MOCA Grand Avenue
Museums for Sale
Tongues are wagging, heads are shaking. It appears that the highly regarded Museum of Contemporary Art, Los Angeles, is doomed. It has been running a deficit for six of the last eight years. It has been raiding its endowment. And now the plucked chickens, the headless fowls, have come home to roost. MOCA might not be able to go on.
What I want to know is where was the MOCA’s board of trustees when those deficits were reported year after year? Why didn’t the director raise hell? It is all well and good to say that art came before money, but without money the air-conditioning and the lights get turned off. If staff members do not get paid, they walk.
Some nonprofit board members or trustees agree to kinds of bad management they would never tolerate in their own companies; they like to think they are on holiday.
So what are we supposed to do? Cut costs, initiate a hiring freeze, reduce the number of exhibitions. Many museums are already doing this. And then there’s prying loose more money from your board members, who are usually well-heeled and are profiting socially and sometimes financially from their positions. This is L.A. Times art critic Christopher Knight’s solution. But even in good times, this is like getting blood out of turnips.
In the meantime, will anyone match collector Eli Broad’s offer of $30 million toward saving MOCA? Don’t think so. Will it be the end of the world if MOCA is absorbed by the L.A. County Museum? Will art stop if MOCA totally disappears?
Along with the strange idea that successful artists, art dealers, and small Obama campaign-type donations could save the day, Roberta Smith of the New York Times offers this odd reason to keep MOCA independent:
Imagine the effect on New York if MoMA or the Whitney Museum of American Art had been subsumed into the Metropolitan Museum of Art at the age of 30. For one thing, P.S. 1, which has been rejuvenated by its MoMA affiliation, might no longer exist.
And exactly what art space in L.A. will not be “rejuvenated” if MOCA is subsumed by LACMA?
In Artopia we have always looked at the bigger picture.
The Geffen Contemporary at MOCA
A Modest Proposal
In terms of arts institutions, I have not been able to find out or even deduce the cost to taxpayers of the wacky not-for-profit system that allows tax deductions for donations. And if we eliminated these deductions, would we thereby be able to afford better roads, bridges, and universal medical coverage?
But in Artopia we are visionary. Think how much more efficient it would be if museums and other art venues were totally government-funded. Or, on the other hand, if they were for-profit. In both cases, the savings would be enormous.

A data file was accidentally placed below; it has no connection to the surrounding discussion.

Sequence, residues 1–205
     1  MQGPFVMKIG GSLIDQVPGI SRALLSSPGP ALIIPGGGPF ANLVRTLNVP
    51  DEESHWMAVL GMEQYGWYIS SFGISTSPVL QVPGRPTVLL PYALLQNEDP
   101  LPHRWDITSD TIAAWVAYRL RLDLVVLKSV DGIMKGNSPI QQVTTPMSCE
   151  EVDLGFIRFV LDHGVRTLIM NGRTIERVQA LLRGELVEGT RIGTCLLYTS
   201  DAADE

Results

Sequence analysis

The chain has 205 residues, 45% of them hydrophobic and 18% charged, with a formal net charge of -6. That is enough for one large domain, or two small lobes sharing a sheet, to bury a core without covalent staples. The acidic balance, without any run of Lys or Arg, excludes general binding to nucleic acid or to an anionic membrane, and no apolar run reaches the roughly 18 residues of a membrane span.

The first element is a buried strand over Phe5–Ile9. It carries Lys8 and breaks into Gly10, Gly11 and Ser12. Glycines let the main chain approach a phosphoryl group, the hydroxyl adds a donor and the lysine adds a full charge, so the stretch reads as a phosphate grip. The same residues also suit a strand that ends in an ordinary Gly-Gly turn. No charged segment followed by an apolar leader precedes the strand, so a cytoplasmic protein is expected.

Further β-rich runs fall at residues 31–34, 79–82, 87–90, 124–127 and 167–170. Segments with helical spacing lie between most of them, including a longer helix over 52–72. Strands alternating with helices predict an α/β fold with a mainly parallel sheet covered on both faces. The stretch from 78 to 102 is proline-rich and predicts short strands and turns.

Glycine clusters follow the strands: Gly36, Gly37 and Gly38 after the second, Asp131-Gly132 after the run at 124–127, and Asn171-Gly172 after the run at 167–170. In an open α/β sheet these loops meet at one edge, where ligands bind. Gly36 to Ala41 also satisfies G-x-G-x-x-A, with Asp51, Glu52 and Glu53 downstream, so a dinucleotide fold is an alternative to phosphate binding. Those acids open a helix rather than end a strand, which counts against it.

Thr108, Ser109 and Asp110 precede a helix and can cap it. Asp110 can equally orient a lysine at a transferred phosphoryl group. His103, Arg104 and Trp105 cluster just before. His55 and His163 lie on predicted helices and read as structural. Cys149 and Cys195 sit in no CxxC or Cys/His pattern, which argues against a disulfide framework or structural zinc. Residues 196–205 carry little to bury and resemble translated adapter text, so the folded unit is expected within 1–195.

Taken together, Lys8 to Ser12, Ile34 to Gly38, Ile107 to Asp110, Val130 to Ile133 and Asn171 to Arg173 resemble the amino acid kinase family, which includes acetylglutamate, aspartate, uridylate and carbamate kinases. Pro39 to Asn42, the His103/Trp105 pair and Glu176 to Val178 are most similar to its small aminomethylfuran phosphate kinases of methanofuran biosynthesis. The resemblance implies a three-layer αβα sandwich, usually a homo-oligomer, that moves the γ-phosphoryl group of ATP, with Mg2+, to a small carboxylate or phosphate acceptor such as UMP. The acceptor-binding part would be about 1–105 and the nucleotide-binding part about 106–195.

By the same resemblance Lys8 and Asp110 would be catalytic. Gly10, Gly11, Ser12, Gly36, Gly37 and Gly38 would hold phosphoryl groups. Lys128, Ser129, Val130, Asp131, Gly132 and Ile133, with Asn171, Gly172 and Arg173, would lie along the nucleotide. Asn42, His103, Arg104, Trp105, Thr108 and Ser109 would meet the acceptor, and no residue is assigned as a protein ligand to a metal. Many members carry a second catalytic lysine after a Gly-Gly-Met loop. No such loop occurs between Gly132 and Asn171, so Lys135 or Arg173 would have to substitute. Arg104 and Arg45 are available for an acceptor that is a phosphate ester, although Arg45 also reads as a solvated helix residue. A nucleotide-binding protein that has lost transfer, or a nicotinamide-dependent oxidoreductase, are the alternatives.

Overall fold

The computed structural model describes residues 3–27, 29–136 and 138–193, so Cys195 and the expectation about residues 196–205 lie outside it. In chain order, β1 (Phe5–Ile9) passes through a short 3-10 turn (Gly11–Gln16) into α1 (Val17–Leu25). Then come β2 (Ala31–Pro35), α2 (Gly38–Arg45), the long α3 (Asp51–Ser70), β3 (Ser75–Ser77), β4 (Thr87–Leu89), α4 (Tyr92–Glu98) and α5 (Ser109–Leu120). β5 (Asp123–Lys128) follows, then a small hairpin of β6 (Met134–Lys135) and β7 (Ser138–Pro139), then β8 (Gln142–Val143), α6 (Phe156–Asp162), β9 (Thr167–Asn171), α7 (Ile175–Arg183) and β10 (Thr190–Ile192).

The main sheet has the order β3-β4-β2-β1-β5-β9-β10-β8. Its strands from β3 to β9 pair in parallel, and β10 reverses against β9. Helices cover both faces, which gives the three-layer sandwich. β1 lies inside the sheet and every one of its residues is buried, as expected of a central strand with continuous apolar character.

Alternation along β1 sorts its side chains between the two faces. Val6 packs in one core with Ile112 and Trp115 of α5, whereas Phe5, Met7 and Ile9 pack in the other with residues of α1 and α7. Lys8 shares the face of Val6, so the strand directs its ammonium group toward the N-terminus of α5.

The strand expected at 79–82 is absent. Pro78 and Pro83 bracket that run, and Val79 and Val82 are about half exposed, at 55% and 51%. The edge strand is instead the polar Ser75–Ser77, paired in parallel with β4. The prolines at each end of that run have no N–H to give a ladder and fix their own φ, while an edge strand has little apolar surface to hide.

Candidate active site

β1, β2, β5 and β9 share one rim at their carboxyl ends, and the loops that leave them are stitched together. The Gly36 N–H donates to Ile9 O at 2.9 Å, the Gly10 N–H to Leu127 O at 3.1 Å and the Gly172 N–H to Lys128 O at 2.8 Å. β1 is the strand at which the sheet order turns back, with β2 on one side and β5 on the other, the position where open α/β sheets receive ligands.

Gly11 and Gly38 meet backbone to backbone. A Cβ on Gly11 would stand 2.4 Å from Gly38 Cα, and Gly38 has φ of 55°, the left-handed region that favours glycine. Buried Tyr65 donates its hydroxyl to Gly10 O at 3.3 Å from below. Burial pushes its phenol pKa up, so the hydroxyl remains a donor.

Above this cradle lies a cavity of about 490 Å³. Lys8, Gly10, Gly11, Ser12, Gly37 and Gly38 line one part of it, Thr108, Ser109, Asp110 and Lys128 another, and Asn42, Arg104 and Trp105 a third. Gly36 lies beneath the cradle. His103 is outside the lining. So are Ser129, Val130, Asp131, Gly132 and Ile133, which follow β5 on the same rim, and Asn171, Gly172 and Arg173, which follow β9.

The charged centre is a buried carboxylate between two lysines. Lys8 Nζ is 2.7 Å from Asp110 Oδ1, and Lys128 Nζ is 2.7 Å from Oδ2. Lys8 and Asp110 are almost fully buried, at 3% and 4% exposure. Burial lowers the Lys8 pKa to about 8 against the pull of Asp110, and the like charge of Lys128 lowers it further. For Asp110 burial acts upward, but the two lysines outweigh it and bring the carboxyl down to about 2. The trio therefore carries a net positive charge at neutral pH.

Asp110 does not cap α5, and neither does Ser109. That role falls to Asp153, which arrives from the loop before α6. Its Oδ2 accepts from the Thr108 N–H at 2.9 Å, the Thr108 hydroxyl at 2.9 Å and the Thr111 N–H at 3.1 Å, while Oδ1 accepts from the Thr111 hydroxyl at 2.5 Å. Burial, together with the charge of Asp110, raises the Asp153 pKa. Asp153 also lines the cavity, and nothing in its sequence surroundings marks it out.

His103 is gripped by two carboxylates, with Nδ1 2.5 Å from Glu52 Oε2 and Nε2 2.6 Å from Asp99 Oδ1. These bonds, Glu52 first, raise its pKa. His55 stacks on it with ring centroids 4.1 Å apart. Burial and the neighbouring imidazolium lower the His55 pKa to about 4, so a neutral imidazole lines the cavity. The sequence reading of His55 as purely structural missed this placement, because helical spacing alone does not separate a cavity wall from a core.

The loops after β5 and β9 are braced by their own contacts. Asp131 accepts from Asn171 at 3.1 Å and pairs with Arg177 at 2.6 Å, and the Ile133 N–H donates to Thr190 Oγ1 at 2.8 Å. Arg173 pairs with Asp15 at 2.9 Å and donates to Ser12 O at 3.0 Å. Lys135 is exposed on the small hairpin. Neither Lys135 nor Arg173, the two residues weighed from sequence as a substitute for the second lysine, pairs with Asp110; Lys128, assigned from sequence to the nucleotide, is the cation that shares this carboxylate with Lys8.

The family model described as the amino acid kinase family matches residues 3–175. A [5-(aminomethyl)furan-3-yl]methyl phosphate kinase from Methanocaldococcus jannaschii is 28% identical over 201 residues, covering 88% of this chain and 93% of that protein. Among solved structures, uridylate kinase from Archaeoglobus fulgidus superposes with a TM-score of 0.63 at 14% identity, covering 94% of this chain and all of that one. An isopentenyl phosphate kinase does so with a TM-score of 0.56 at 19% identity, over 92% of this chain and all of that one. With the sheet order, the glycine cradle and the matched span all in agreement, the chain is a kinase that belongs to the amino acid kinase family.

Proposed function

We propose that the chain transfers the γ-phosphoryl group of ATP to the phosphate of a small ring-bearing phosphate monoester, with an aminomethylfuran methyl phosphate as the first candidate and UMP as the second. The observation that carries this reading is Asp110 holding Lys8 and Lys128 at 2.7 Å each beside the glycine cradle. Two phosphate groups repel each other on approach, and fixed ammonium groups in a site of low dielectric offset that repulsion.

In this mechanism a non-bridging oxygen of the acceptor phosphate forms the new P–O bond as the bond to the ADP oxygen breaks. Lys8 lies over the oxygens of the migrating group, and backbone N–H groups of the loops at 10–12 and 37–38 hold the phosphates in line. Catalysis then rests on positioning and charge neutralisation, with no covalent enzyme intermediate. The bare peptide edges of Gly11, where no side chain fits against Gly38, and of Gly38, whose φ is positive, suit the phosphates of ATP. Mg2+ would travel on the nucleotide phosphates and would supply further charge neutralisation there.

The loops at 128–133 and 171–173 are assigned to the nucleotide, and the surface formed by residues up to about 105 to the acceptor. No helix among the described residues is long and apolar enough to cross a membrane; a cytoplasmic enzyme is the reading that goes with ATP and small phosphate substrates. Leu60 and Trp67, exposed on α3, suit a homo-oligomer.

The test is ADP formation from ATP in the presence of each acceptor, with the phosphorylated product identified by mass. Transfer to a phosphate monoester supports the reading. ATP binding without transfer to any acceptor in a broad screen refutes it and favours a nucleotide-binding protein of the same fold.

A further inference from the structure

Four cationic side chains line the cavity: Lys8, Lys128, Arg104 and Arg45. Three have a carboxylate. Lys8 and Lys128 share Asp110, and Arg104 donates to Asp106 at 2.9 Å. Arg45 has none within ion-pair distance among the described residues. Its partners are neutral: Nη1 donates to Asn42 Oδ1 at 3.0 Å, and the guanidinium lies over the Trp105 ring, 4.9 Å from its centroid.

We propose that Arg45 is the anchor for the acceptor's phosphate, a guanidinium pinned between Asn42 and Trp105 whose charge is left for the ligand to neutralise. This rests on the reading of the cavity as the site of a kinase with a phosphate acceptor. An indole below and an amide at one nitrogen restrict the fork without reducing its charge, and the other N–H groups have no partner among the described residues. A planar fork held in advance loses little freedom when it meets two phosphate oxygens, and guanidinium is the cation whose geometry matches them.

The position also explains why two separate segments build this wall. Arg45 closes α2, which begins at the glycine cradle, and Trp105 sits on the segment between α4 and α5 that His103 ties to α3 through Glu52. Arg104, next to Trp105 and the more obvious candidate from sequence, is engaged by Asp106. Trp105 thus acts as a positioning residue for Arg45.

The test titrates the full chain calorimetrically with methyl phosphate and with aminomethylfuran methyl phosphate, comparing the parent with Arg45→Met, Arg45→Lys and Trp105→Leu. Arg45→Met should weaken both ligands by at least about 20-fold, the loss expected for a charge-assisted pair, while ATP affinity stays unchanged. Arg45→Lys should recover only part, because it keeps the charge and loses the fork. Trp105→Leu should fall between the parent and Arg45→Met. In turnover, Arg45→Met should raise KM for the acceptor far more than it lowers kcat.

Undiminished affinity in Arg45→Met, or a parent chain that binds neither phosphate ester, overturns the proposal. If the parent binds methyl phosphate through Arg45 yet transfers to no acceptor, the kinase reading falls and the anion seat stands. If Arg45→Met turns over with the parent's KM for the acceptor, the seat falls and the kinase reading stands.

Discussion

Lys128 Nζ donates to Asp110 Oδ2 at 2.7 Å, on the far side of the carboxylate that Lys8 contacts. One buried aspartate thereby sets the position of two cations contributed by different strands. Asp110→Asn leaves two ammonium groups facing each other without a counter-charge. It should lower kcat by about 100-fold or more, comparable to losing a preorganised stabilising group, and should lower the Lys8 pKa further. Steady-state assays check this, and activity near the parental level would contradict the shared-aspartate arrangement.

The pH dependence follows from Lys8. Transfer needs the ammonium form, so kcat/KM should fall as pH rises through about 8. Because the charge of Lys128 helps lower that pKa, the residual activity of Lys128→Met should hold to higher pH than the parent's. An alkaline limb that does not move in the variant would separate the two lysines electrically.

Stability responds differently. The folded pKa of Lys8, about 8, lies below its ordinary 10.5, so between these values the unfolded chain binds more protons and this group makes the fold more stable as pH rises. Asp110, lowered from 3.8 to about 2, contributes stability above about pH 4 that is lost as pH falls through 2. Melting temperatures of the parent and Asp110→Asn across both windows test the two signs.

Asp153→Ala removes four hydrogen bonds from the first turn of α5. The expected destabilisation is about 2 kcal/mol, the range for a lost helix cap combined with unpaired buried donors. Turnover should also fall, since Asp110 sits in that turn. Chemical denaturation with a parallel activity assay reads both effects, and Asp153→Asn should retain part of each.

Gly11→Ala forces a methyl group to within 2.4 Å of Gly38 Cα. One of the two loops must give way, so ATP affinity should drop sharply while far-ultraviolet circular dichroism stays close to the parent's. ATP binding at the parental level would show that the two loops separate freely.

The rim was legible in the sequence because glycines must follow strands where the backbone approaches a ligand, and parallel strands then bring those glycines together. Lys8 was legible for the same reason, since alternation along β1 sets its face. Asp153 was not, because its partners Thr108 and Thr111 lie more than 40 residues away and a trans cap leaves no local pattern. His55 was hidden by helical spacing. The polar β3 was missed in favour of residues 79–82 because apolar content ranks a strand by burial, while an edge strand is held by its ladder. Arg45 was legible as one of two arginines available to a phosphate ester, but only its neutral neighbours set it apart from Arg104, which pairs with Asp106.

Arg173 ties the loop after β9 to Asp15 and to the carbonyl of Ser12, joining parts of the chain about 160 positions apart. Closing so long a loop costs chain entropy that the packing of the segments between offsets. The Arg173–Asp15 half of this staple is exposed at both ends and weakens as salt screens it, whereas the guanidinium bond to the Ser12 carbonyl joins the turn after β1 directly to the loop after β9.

For instance, a large chunk of any museum budget is development. Development is artspeak for fundraising, begging, or whatever you want to call it. Not only are development officers and their staffs employed to get the money, but curators and, yes, even directors spend a lot of their time soliciting, a term I have chosen with great care.
Most readers understand that grants need to be written and that exhibitions and special projects have to be created to qualify for money from governments, corporations, and foundations. But do readers really know how much time is spent on what in artspeak is called “cultivation,” i.e. just sucking up to potential patrons and donors? Even the amounts derived from membership fees call for the creation and the maintenance of endless perks and far too much face-time. Moving members up a notch to donors requires a mind-boggling array of inane lunches and stupifying gallery tours.
Hasn’t anyone noticed that what donors want is love? I don’t just mean tête-à-tête encounters with the director or access to the charisma and the sexiness of live artists at special openings and, best of all, intimate dinner parties. I don’t mean exhibitions for relatives of board members or the artists they collect. I mean total, floor-scraping, fiendishly servile, always-on-tap, ever-expanding adoration.
MOCA Pacific Design Center
Plan A: The Bail-Out
Museums already pay for themselves. You just have to do the numbers right. And if you do, it might even turn out that they can bring in much more money than they burn up, particularly in big cities. Please figure out tourist dollars. What percent of cab fares, hotel rooms, restaurant dinners are generated by people going to museums? Even locals spend when they go to museums. Lunch? Of course. Not everyone leaves a museum empty-handed: catalogs, postcards, dolls, and all the other art junk on display in logoland migrate from the premises.